This is not an easy time to rule Kaduna State. No time has ever been. But as the general elections loom closer, the situation is proving to be ever more dicey. One, you need to win the confidence of the people by executing developmental projects, to prove that you know why you are in office in the first place. Two, you must be cautious in walking the state’s notorious tight rope of ethnic and religious balancing, careful not to upset the elastic peace and tranquillity among the various tribes and the religious faithful. Three, you need to work hard towards winning your own election and not lean too hard on the luck of getting it on a platter of gold. In short, you must prove yourself. And if you are Mr. Patrick Ibrahim Yakowa, it can be frustrating.
As president, Alhaji Shehu Shagari once compared Nigeria to a silk gown, the babbar riga type worn by northerners. While wearing a silk gown, according to Shagari, you are required to constantly hitch up the right side onto your shoulder and do the same with the left hand side. The problem, however, is that after successfully hitching up one side, the gown would slip from the other side, invariably making it difficult for you to keep still and enjoy your outfit.
Now, Kaduna appears to be a more complex silk gown. A violent history of sectional politics has made the state a totally different kettle of fish. Until in recent years, ethnic and religious riots in the state had led to the massacre of thousands of people. Consequently, there is a persistent notion that governing Kaduna is like sitting on a gunpowder keg that can explode any minute. A former governor of the state once told me that his greatest challenge in the state was not how to deliver the good things of life to the people but keeping the peace and security; he would wake up suddenly in the middle of the night and sit for hours, praying that the day would come and go without an ethnic fight breaking out somewhere in his domain.
For 62-year-old Yakowa, the nightmare is no less forbidding. Until what Father Mathew Hassan Kukah referred to as “the miracle” of last May 5 happened, it was almost unthinkable that somebody from Fadan Kagoma village in the southern part of the state would ever become governor of the state under a democratic dispensation. The unwritten rule was that southern Kaduna people should be contented with the second slot at the Sir Kashim Ibrahim House while a “Hausa” man from the north serves as governor. That rule, which found comfort in the ethnic politics that perpetuates domination of the minorities in our nation, presupposed that the majority northerners, who are predominantly Muslim, would always win the gubernatorial elections.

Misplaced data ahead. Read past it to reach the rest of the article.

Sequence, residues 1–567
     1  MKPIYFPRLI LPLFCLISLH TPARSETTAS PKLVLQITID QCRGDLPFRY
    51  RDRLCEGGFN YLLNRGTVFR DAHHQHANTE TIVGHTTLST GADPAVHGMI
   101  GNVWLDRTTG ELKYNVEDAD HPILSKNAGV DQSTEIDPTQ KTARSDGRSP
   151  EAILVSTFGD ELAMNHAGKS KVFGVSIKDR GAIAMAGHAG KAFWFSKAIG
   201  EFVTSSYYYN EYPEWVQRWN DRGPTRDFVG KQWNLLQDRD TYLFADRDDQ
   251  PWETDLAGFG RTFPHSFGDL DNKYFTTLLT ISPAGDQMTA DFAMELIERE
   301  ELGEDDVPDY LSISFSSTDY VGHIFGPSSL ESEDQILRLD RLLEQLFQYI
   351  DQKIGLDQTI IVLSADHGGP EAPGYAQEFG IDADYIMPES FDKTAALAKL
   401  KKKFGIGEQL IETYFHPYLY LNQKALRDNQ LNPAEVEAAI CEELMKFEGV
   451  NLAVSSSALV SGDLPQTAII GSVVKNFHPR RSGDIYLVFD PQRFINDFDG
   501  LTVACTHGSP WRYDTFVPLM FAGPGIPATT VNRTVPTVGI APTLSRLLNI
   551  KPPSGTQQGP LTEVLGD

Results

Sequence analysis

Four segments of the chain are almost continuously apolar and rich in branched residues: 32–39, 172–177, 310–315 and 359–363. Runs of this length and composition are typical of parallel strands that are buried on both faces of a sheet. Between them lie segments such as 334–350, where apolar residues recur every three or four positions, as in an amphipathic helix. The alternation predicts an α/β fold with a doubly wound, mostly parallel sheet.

It took the miracle of May to change that. Now someone from among the minorities is ruling the state, thanks to the nomination of the state governor, Mohammed Namadi Sambo, as vice-president by President Goodluck Jonathan. Even so, there was a mild dissent by some sectional champs against Yakowa’s God-ordained ascendancy. Not that he was not qualified for the post. The narrow-minded question was not whether he was qualified by education or by working experience but by his ethnic and religious background. The proponents of this view chose to ignore the fact that Yakowa is a dyed-in-the-wool former civil servant who had attained the highest rungs in the civil service. A 1972 graduate of Ahmadu Bello University, Zaria, he had retired from the federal service as a permanent secretary and, years later, served as minister of Solid Minerals Development. He was appointed secretary to the government of Kaduna State in September, 2003. He had been deputy governor since July, 2005. On the political field, he served in many capacities. Yakowa has seen it all.
Ordinarily, he should only worry about completing Namadi’s tenure in 2011. But from day one, he found himself fending off ethnic and religious missiles, frantically declaring that his government is for everyone – Muslim, Christian, whatever. Sadly, this matter has become almost the main issue today. Yakowa harped on it on the day he was inaugurated as governor, and last Saturday when his fellow southern Kadunans organised a grand reception for him in Kafanchan. It is clear that Yakowa wants neither Kaduna citizens in the North to think that they have “lost power” nor those in the South to think that power is now theirs. The fragile peace in the state requires that the chief executive keeps making this enlightened reminder. He also needs it for his own election. To make real history, he needs to win election on his own merit. To achieve this, he must not only be just and impartial in his administration but he must also be seen to be so. He must win everybody’s trust in order to record a feat akin to that of Barack Obama.